If $n=81$, then $\sqrt n=9$, so numbers close to $81$ will work.

What other square numbers are close to $81$? We know that $\sqrt{64}=8$, so $n$ can't be $64$. But if $n$ is a little bit larger than $64$, then $\sqrt n$ will be just larger than $8$, so the distance between $\sqrt n$ and $9$ will be less than $1$.

We also know that $\sqrt{100}=10$, so $n$ can't be $100$. But if $n$ is a little bit smaller than $100$, then $\sqrt n$ will be just smaller than $10$, so the distance between $\sqrt n$ and $9$ will be less than $1$.

So $n$ can be any number from $65$ to $99$, which is a total of $35$ numbers.

If $\sqrt n < 9$, then we must have $9-\sqrt n<1$.

If $\sqrt n > 9$, then we must have $\sqrt n-9<1$.

Solving these two inequalities will give us the possible values of $n$.

$$\begin{align} 9-\sqrt n &<1\\

\Rightarrow 9&<1+\sqrt n\\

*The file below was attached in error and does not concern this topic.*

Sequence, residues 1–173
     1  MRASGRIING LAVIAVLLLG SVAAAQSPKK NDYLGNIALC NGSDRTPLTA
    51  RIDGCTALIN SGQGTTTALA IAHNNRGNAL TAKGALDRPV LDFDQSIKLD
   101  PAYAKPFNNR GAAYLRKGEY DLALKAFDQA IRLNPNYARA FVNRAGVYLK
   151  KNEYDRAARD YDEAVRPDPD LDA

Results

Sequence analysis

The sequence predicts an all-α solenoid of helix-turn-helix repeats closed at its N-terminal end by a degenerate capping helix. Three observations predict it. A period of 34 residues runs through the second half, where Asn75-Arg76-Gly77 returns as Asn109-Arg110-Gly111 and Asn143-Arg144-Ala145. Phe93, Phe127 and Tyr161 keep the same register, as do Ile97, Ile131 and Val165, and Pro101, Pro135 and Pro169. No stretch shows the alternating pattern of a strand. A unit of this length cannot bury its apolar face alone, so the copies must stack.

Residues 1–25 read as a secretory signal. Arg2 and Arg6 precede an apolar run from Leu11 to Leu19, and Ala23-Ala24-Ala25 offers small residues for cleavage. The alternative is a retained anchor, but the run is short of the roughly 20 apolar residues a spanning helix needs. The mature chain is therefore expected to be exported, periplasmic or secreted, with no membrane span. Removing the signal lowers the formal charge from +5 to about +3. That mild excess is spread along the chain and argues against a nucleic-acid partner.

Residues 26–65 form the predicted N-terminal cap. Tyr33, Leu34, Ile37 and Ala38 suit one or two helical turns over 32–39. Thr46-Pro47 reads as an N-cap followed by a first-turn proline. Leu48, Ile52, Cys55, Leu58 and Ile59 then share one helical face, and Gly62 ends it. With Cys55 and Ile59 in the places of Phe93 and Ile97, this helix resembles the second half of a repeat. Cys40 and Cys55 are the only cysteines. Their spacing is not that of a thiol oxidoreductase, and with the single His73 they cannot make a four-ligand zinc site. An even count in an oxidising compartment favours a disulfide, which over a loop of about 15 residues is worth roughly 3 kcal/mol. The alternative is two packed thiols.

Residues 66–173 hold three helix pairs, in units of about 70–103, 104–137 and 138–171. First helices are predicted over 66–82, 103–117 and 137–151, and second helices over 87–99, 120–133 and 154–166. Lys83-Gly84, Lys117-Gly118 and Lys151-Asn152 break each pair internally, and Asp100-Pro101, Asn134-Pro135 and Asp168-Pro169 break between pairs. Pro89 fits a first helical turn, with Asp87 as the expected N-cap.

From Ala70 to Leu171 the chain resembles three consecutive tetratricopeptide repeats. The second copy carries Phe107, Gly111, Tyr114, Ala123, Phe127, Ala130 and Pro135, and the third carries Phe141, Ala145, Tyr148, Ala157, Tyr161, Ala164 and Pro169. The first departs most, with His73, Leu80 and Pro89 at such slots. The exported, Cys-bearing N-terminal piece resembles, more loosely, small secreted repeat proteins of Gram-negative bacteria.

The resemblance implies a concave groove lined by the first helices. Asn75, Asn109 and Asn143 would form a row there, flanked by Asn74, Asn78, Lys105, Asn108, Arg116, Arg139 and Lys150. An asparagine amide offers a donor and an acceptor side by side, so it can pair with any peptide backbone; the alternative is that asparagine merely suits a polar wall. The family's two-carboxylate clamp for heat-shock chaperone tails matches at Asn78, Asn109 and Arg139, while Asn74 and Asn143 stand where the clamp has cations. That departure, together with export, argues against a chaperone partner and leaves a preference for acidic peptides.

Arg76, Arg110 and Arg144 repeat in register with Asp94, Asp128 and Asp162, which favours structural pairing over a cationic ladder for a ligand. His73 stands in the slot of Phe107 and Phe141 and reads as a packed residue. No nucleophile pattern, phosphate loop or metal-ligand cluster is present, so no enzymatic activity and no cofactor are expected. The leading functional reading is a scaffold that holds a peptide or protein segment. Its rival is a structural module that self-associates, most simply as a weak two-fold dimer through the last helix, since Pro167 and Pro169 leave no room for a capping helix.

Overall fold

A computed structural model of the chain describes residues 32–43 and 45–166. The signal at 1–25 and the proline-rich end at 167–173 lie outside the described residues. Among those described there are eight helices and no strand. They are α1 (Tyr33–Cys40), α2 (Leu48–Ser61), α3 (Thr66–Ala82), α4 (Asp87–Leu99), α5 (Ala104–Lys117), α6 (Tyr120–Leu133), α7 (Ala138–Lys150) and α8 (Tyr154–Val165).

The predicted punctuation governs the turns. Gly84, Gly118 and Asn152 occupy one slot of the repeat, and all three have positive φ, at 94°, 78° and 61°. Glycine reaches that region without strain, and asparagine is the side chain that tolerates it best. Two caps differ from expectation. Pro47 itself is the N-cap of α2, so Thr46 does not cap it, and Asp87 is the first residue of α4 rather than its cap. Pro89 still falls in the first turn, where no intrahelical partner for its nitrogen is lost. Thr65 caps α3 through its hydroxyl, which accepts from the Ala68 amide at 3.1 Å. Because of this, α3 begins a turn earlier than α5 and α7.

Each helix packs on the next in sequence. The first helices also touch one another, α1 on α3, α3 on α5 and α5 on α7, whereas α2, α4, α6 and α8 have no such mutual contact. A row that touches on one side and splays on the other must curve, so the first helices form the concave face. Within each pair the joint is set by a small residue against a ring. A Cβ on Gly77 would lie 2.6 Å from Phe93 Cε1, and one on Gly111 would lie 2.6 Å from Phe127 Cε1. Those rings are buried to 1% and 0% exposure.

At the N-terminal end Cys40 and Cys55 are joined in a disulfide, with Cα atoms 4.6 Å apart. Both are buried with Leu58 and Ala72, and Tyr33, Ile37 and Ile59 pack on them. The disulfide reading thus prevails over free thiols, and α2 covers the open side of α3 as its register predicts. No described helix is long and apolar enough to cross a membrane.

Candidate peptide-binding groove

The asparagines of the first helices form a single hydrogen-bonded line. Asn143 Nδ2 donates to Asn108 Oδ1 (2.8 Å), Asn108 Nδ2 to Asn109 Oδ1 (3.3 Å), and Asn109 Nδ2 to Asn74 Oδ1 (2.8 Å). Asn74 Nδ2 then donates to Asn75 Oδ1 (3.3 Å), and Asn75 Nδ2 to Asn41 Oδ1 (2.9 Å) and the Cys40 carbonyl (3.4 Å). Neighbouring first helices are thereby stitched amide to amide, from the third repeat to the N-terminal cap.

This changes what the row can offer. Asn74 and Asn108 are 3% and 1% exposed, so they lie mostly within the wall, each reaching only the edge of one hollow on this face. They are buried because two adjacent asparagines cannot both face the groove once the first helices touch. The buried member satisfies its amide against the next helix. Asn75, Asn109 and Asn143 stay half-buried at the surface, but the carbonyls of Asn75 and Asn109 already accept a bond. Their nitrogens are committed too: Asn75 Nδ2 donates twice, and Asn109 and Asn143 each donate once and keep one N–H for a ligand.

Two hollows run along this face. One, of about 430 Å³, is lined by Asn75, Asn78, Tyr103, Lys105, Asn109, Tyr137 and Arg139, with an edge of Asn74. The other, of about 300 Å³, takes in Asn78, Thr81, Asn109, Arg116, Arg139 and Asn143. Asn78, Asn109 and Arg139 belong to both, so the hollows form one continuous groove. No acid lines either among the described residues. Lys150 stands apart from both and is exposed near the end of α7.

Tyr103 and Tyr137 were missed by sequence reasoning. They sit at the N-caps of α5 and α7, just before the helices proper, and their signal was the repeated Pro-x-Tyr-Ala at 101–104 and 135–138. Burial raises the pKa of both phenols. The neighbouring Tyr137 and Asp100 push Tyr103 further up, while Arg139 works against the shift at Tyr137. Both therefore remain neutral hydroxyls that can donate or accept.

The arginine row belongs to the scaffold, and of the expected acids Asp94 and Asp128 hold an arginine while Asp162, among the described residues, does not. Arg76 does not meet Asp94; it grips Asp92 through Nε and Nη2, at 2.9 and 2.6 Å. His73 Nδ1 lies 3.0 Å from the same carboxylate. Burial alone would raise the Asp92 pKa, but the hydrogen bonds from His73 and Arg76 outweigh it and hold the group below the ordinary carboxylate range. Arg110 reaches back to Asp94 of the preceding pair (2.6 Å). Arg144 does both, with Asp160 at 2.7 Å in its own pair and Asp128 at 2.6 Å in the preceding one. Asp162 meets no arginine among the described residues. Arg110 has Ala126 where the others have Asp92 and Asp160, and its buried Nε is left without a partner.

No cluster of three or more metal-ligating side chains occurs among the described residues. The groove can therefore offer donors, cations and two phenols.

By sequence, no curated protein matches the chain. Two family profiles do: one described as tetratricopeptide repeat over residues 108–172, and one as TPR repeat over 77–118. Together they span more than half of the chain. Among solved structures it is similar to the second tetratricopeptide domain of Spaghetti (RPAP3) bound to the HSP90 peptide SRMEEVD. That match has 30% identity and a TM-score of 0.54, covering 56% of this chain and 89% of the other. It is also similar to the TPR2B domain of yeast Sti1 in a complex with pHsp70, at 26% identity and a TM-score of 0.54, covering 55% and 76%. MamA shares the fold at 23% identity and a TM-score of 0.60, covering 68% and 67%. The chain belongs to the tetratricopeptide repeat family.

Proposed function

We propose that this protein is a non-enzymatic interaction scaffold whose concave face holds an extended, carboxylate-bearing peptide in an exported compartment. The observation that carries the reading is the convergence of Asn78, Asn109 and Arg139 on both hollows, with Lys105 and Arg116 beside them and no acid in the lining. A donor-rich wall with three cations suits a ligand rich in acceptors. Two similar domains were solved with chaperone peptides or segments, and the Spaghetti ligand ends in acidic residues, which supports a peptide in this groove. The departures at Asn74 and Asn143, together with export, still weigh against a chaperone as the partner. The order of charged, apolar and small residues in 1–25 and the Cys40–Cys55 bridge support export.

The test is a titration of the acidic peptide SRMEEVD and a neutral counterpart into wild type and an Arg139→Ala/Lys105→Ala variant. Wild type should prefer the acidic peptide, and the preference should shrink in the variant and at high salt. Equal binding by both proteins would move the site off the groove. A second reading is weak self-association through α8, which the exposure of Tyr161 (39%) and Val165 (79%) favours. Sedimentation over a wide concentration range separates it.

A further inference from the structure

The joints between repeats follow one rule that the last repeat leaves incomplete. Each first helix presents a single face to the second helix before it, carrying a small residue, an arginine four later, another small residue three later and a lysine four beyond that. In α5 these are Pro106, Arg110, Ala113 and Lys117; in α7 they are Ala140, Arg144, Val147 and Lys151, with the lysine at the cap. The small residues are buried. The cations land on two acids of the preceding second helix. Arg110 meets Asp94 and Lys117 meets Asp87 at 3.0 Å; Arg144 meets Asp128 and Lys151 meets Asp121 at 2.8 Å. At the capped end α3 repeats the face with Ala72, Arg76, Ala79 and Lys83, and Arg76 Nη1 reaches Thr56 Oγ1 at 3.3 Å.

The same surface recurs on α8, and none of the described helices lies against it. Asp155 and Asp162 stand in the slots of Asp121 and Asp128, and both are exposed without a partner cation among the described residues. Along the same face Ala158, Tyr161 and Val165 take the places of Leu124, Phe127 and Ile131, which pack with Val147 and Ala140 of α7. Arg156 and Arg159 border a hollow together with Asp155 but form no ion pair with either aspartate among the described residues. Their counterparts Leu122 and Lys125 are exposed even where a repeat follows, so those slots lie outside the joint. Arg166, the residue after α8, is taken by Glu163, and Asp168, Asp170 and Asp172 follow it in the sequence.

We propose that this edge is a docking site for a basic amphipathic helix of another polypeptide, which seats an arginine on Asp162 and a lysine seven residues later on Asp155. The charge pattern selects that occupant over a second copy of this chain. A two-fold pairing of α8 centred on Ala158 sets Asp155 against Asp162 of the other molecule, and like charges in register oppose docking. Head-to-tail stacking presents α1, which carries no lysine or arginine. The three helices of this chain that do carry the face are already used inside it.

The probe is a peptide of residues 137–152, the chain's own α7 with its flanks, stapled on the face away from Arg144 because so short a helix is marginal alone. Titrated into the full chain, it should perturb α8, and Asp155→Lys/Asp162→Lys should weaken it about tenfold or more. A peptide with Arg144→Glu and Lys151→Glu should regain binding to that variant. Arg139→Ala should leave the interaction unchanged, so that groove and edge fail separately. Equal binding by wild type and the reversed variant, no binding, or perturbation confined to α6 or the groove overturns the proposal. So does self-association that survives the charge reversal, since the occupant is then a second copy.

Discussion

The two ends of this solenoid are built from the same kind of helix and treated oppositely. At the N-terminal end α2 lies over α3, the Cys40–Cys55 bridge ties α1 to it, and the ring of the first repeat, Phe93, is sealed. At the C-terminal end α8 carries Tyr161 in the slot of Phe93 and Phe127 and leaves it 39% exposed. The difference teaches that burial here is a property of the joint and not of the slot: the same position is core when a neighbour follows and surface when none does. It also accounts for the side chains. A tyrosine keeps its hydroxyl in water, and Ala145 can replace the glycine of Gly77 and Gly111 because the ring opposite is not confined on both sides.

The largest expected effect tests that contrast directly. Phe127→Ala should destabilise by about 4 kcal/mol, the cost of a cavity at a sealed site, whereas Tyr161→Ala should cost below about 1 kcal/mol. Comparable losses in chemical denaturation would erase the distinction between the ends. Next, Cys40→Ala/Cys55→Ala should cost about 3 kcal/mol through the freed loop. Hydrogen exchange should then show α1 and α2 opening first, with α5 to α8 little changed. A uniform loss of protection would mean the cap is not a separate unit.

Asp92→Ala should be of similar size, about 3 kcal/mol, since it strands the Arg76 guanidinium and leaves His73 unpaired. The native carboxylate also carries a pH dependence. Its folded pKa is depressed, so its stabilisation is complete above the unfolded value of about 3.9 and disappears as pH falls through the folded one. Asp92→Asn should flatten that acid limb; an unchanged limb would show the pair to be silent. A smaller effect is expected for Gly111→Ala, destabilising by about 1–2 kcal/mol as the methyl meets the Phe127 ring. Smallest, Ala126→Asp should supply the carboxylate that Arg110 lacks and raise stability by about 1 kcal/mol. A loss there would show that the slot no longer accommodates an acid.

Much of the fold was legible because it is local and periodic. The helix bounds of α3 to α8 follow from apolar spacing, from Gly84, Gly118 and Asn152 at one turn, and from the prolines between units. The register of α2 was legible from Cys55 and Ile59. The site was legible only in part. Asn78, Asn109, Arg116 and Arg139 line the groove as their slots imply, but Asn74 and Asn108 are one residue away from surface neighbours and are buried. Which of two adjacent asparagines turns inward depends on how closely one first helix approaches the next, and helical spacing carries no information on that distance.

\Rightarrow 8&<\sqrt n\end{align}$$ Because $8$ and $\sqrt n$ are both positive, we can square both sides without risking multiplying by a negative number (which would change the inequality sign!). So $$8^2<\sqrt n^2\Rightarrow 64<n$$

Similarly, we can solve the other inequality:$$ \sqrt n -9 <1\Rightarrow \sqrt n<10$$ Again, since $10$ and $\sqrt n$ are both positive, we can square both sides without risking multiplying by a negative number: $$\sqrt n^2<10^2\Rightarrow n<100$$

So $n$ is greater than $64$ but less than $100$, which means that $n$ can be any number from $65$ to $99$. That is a total of $35$ numbers.

You can find more short problems, arranged by curriculum topic, in our short problems collection.